Partial protection is not nothing

Woke up a few mornings ago with this idea: Just because my mom didn’t protect me the way I wanted her to doesn’t mean she didn’t protect me.  I wanted it to look a certain way –  belief in my complaint, righteous anger toward The Exes, clear cut hierarchy that I was more valuable.  I wanted my mother transformed into a superhero who would swoop in, cape flapping majestically, and save me forever.

I woke up at 42 thinking perhaps I held her to too high a standard.  Not denying what happened, but adding to it –I only know how bad it was, not how bad it might have been without her socially appropriate maneuverings, her polite excuses for why I couldn’t spend more time with The Exes.

She was not Superwoman with arms akimbo, but maybe for a woman with the psychic equivalent of a broken leg, crawling between me and the stuff that hurt me might’ve been more of an honorable act than I’ve given her credit for.

PS:  Thank you for being friends with me on facebook!  I love seeing your personal lives (that sounds so creepy, sorry)!  I hadn’t realized how lonely I’d become after the kids went back to school – most of my conscious thoughts were about ThankGoodnessTimeForMeAgain and the isolation crept up on me unexpected.


4 Replies to “Partial protection is not nothing”

  1. That.
    Is so freaking sad,
    and so very real.

    I look at how my mom raised the six of us, how I was left floating in the wind from the age of ten on, leaving me wide open for everything that followed. A timeline of “oooooooo…. dang” that was kinda a no-brainer when combined with the gaping hole of emotional absenteeism on my father’s part. I see that, and then discover that the woman was suicidal for a goodly portion of that time. I’m not happy how it worked out, but I get it.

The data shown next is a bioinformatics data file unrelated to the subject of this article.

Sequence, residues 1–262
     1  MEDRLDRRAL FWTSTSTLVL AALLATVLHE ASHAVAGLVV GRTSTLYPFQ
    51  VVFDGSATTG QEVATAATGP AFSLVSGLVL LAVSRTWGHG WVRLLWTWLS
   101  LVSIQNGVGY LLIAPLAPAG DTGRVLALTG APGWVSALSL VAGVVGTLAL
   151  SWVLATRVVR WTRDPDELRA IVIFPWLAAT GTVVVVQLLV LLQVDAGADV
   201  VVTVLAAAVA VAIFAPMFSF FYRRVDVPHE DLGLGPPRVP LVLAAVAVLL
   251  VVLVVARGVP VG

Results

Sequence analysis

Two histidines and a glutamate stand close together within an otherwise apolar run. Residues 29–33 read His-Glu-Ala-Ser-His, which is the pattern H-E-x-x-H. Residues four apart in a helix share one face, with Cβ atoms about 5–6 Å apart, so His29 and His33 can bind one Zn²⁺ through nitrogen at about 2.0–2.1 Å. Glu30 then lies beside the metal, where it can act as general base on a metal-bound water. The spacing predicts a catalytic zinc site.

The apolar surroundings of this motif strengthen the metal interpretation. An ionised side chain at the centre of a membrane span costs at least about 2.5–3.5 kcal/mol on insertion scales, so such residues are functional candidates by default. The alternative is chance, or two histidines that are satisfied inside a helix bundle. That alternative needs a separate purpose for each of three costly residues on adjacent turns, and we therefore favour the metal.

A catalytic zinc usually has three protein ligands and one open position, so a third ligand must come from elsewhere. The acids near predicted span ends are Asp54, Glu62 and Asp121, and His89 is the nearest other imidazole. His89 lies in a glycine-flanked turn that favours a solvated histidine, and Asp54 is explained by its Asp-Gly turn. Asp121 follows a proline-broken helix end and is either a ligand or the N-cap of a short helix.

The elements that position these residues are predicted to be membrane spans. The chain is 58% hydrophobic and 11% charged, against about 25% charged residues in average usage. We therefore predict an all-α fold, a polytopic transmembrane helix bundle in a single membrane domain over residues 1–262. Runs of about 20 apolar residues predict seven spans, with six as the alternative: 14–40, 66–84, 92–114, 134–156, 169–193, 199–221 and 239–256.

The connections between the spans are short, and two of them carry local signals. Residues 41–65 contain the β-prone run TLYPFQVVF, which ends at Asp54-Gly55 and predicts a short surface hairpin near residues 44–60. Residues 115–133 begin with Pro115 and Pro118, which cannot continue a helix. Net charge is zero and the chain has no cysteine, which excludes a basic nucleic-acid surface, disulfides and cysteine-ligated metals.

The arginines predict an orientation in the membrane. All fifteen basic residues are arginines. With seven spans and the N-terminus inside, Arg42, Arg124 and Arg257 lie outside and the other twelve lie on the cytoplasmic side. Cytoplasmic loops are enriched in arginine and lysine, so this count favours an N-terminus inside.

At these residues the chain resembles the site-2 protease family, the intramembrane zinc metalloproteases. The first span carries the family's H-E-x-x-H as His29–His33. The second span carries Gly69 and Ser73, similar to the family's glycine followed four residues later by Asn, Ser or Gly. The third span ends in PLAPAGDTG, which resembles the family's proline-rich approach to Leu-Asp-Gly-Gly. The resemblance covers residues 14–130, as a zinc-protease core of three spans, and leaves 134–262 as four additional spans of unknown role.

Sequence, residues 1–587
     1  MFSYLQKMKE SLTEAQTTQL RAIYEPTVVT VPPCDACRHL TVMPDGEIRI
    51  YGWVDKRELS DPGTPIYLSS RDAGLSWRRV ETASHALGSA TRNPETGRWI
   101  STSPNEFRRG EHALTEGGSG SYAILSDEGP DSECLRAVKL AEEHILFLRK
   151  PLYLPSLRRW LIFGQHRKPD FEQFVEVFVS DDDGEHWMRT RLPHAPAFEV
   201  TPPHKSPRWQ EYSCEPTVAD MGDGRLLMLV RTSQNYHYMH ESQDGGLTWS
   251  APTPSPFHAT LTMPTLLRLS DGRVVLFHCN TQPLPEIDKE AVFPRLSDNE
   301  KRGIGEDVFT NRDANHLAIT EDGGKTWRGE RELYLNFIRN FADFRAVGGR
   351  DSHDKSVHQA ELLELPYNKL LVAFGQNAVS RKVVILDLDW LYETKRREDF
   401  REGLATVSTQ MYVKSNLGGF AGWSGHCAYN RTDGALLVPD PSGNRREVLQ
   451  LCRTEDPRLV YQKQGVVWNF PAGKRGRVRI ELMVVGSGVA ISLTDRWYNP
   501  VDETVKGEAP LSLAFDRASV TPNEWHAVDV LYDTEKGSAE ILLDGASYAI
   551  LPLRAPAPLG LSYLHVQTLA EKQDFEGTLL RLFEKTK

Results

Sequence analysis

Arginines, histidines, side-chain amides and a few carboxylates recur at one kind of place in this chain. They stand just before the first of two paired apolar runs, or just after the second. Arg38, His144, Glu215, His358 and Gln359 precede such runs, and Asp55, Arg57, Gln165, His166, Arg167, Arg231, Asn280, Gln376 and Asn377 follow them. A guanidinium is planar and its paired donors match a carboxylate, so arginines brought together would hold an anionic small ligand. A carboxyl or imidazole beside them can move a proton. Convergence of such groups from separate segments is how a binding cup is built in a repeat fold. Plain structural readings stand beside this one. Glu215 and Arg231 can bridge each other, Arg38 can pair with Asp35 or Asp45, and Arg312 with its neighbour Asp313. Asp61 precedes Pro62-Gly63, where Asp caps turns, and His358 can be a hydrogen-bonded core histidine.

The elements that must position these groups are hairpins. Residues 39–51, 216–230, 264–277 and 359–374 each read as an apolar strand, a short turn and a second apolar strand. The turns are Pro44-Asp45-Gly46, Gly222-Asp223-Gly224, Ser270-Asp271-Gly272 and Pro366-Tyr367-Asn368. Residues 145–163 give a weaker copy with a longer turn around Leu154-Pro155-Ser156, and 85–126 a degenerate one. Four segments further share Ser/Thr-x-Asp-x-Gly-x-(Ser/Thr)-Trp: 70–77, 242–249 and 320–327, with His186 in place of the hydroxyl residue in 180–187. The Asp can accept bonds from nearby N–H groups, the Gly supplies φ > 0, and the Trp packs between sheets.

2. Gah. Good for you. That’s not an easy realisation, and it shows a lot of grace on your part.

    I worry about that kind of thing with my kids, too. I want to protect them properly from stuff, but can’t for various reasons (some things they don’t/can’t know about, and some things that are just my own inadequacy). But it doesn’t mean I’m not doing *anything* to help with those things.

  3. I am finally (at 43) starting to get some understanding of how my mom lived her life when I was a child. The barest glimpse of empathy is peeking through. I never thought I’d get here. It’s only because my life has gone so fucking sideways do I get it.

  4. I am still composing my response to one of your previous posts… and this is somewhat related.

    I will just leave this here … my personal experience and struggle.

    It took me many, many years to get to this little kernel …

    She did her best. It was just not the best for me.

    It allows me to be in relationship with her — without constantly trying to get her to admit her faults, or subsume them and assume them as my faults. She wasn’t the best mom in the world, not the one I needed, but not because there is something wrong with me or her. It was just the best she could do at the moment.

    It doesn’t absolve her, but it allows me to move forward with her — here and now with boundaries, however imperfect. It doesn’t mean that I still don’t get hurt sometimes. It just means that neither of us has to be the bad guy or the victim. We’re just humans. Flawed but doing our best which can change from one moment to the next.

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